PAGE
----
In C#, observers implement the IObserver<> interface, and observables implement the IObservable<> interface. This is an implementation of the use case in C#. We create the publisher with CreateObservable(), and then two subscribers subscribe. They both receive the notification “Hi” repeatedly until they unsubscribe, or we can cancel the task. This is a hot observable because the long-running task runs independently of the subscribers.

Note: this is not the recommended approach. This is just an example for clarity.

Reactive Extensions

The reactive extensions are a set of C# helpers for building observables and observers. They exist in the namespace System.Reactive. Their home is in this is repo. You can use it by installing the System.Reactive NuGet package. It would help if you used these extensions instead of directly implementing IObservable<> or IObserver<>. Reactive frameworks for other platforms have similar libraries. 

Cold Observables

Observable.Create from the reactive extensions creates observables. What the documentation doesn’t tell you is that the observable is cold by default. The code that you supply doesn’t run until something subscribes, and when multiple subscribers subscribe, multiple copies of the code will be running in parallel. This may be the desired result, but most people wouldn’t expect this unless they already have a strong background with reactive programming.

Have a look at my version of the example from the documentation here. Notice that if you put a breakpoint where the while loop starts, it will get hit twice. Two loops run in parallel. This is probably not the behavior you would expect. 

Convert a Cold Observable to a Hot Observable

In C#, you can use Observable.Publish from the reactive extensions to return a connectable, observable sequence that shares a single subscription. This is a hot observable. It runs one process and sends notifications to all subscribers from that one process. You can still control the observable workflow, but it means that it doesn’t depend on subscriptions. Here is an example. This version creates almost the same result as my earlier code, but I don’t need to implement IObservable<>. It runs the GetData()method every second. The CompositeDisposable neatly wraps up all the disposables, but this is not necessary.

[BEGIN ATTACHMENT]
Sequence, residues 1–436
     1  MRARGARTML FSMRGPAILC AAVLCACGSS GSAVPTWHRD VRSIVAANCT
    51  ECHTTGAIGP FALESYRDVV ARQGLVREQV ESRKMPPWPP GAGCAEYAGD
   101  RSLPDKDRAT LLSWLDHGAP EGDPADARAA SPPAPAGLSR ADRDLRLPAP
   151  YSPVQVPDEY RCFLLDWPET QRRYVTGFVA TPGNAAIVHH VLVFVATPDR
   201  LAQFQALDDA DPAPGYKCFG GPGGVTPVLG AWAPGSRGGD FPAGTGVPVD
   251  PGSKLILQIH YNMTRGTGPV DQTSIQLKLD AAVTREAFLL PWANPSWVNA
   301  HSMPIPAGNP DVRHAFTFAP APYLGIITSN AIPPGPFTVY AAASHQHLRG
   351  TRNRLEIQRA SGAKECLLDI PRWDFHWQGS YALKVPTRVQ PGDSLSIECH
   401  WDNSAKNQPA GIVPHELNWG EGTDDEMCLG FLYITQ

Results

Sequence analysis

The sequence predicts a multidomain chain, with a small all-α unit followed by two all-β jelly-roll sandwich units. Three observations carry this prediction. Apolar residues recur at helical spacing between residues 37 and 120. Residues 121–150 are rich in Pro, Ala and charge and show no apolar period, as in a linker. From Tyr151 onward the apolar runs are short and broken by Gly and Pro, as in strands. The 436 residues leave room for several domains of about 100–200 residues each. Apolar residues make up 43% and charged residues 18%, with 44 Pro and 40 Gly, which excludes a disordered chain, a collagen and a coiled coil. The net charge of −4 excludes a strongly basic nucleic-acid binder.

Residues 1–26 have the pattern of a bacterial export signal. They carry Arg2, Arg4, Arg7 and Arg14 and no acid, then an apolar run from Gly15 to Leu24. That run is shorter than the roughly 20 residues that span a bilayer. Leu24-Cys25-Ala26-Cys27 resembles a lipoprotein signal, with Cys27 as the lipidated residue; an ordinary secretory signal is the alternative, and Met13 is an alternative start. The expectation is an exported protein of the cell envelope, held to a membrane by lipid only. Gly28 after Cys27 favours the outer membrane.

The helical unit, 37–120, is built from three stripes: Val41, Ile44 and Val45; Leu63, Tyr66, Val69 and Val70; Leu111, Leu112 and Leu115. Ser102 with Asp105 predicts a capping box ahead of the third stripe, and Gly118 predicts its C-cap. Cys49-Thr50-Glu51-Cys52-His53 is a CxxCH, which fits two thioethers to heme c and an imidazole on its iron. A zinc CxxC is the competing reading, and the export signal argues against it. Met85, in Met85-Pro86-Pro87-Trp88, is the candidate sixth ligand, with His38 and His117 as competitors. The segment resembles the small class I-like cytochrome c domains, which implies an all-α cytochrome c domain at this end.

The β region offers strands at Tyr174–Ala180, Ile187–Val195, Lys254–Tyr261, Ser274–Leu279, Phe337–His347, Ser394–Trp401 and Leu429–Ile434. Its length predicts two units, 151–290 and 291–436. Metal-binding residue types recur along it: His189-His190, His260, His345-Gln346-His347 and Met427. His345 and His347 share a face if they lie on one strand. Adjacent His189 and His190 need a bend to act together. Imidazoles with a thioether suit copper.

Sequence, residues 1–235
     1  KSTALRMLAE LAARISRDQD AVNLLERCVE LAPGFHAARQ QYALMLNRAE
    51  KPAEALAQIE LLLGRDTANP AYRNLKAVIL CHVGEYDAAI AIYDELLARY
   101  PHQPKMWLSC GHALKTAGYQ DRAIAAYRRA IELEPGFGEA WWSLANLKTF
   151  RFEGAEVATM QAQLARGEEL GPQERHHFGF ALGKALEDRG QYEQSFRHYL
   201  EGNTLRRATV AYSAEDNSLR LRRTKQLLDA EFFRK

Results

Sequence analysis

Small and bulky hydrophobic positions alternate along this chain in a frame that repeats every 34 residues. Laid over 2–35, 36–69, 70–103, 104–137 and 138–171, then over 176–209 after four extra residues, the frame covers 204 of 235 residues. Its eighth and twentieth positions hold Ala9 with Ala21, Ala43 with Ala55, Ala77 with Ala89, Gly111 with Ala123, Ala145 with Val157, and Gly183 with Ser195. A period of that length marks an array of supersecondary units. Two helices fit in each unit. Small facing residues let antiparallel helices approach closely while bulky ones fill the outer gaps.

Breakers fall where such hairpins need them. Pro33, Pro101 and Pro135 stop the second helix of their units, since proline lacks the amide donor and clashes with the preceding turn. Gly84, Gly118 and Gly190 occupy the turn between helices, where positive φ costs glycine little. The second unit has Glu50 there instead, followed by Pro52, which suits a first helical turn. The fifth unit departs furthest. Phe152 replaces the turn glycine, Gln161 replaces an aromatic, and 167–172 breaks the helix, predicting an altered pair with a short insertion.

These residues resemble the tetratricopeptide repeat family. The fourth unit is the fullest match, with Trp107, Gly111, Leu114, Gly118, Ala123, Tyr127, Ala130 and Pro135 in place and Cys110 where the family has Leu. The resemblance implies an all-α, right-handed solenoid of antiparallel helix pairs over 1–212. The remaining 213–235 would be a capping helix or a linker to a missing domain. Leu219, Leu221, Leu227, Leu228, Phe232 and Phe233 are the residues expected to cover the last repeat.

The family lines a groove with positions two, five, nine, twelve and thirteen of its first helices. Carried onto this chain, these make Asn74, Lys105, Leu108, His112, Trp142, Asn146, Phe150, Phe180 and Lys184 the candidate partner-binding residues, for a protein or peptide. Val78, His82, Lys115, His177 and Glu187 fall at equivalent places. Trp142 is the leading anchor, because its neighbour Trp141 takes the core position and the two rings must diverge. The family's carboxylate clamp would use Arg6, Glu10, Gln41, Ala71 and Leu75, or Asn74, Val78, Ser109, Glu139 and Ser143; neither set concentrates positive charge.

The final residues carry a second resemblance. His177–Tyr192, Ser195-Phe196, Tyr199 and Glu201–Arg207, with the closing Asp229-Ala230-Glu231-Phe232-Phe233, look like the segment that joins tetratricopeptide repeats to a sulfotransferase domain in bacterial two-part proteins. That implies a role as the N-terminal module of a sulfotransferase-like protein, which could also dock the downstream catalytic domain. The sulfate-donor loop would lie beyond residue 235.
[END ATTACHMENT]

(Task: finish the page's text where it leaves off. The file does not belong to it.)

This code by Enigmativity

Here is the previous version of the code that also works, but is not as safe or elegant as Enimativity’s code above. It’s essential to understand the Connect() method and how the disposal works. This post explains further detail. 

Wrap-up

Your learning about reactive programming doesn’t stop here. This article is just a primer to get started with hot and cold observables. Reactive programming is a vast topic, and you should look at taking some courses on the topic. The difference between cold and hot observables deserves a course of its own. A full discussion on the use cases for the two different flavors is outside the scope of this article but, hopefully, you will have enough information to understand how to create either one using the reactive extensions. Use the reactive extensions where possible to reduce the amount of code your write. If you find yourself implementing either of the two main interfaces, ask yourself whether you can use the reactive extensions instead.

Lastly, thanks to Theodor Zoulias, who clarified this topic for me here, and Enigmativity who simplified the code even further here.

Note: the definition of cold vs. hot was written for technical correctness.